On Wednesday, the company secured an extension from the Department of Homeland Security, moving the initial two-week deadline to April 21. Calls to Tom Cat and to the bakery's legal representatives went unanswered Wednesday.

While the workers' legal strategy is not immediately clear, lawyers with the Urban Justice Center Community Development Project have taken on the case pro bono, in coordination with the Brandworkers labor group.

"Unfortunately, we are not able to discuss the specifics of an ongoing and complex case," supervising attorney Carmela Huang told BuzzFeed News. "I can say, though, that CDP is committed to providing zealous representation across the full spectrum of our clients' legal options."

New York City's food business relies on huge numbers of undocumented workers who prepare meals, bus tables, and deliver food for restaurants across the five boroughs, and employers and local authorities generally turn a blind eye to their immigration status. Though companies can face fines or criminal charges for knowingly hiring undocumented workers, the city has not prioritized investigations or prosecutions in recent years, according to Gross, whose organization represents thousands of predominantly immigrant food industry workers across the country.

So long as a worker fills out an I-9 form with a Social Security Number and presents some form of identification at the time of hiring, the employer can meet a "reasonableness" standard in court and won't be penalized for hiring someone without authorization to work in the US. As a result, many businesses don't take the time to verify the information given by new hires, which is not mandatory in New York state.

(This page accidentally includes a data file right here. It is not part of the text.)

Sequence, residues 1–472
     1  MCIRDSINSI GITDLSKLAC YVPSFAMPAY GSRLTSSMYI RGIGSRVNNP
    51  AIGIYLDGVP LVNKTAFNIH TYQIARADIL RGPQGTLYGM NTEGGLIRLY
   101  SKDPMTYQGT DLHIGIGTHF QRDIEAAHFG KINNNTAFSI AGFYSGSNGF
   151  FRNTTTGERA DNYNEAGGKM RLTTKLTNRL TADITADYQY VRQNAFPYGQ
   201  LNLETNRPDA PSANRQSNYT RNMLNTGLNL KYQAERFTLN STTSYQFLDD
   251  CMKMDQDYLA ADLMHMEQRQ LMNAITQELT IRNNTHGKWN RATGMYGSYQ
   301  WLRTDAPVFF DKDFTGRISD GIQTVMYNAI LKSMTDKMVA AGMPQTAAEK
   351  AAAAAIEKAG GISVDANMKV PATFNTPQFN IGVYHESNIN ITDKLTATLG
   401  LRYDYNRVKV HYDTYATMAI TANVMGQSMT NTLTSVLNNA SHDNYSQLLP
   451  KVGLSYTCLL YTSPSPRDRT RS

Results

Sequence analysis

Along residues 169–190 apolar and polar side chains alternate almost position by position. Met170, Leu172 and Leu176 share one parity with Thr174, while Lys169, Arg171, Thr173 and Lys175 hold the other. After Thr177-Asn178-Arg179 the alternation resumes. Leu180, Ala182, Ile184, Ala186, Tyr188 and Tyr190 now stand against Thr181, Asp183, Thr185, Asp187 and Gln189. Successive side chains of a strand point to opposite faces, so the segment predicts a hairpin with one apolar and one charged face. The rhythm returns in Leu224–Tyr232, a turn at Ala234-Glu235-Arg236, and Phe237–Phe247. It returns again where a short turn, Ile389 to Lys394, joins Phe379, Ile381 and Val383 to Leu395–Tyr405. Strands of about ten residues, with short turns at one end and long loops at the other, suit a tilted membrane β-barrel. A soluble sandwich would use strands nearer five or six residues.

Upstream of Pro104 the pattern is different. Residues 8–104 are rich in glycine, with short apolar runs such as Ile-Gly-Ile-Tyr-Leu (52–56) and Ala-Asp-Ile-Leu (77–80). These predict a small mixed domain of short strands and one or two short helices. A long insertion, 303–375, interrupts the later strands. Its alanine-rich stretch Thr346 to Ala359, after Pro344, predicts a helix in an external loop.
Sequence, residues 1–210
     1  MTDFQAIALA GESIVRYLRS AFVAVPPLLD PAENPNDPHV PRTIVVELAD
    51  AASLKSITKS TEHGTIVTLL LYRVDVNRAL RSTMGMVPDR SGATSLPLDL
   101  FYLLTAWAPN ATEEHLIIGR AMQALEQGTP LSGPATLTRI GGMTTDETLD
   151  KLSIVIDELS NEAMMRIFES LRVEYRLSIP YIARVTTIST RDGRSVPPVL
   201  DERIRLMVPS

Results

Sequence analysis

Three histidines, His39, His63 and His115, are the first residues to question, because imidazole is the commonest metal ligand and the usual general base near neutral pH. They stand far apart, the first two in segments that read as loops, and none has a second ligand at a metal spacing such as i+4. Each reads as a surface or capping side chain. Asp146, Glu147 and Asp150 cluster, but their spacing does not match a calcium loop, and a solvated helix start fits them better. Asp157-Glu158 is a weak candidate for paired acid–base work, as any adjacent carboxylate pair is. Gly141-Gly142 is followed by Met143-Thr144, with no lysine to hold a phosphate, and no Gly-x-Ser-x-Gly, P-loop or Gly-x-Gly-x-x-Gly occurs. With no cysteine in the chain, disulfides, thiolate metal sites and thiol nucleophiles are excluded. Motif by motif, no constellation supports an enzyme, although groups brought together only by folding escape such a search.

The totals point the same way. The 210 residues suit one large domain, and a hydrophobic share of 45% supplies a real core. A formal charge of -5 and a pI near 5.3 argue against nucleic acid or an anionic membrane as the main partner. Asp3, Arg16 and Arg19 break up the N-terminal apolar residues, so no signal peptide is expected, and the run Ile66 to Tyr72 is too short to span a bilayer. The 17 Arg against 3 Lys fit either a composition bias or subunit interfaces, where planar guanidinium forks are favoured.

Since Donald Trump's election, however, immigration authorities have stepped up enforcement, raids, and deportation efforts across the country. This month, Republican Senator Charles Grassley of Iowa reintroduced a bill to require verification of employees' legal status nationwide. Critics of the policy say the mandate won't reduce the employment of undocumented workers — it'll just take them off the books.

In New York City, the last immigration audit comparable to Tom Cat's that Gross recalls took place back in 2007, when authorities announced an investigation into grocery delivery service Fresh Direct. The company lost more than 40 warehouse workers overnight, some cleaning out their lockers in tears on the spot, knowing they couldn't produce the required paperwork.

Following an I-9 immigration audit, DHS may also notify Immigration and Customs Enforcement officers of the presence of undocumented workers, which could lead to deportation. The employees — many of whom support families in New York and relatives in Ecuador, Mexico, and the Dominican Republic — are well aware of the stakes of their public stand.

"The Trump administration may want us to disappear," said Tom Cat worker Librada Antigua, "but we're not leaving our children for anything."

Employee Henry Rivera said the employees are organizing "not just for Tom Cat workers, but for workers in New York and the whole nation."

Whatever happens up to and following the April 21 audit deadline, the Tom Cat bakers, packers, quality controllers, and warehouse workers said they plan to take part in a May 1 general strike, and encourage other undocumented workers to do the same.

Haeyoung Yoon, director of partnerships for the National Employment Law Project, a legal advocacy group for low-income workers, said the bakery "has a golden opportunity to act responsibly and stand up to President Trump's harsh immigration policies."

"[Tom Cat] can and should be a leader by doing all it can within the bounds of the law to protect its workers," she said, "who have baked and delivered their bread and built their company."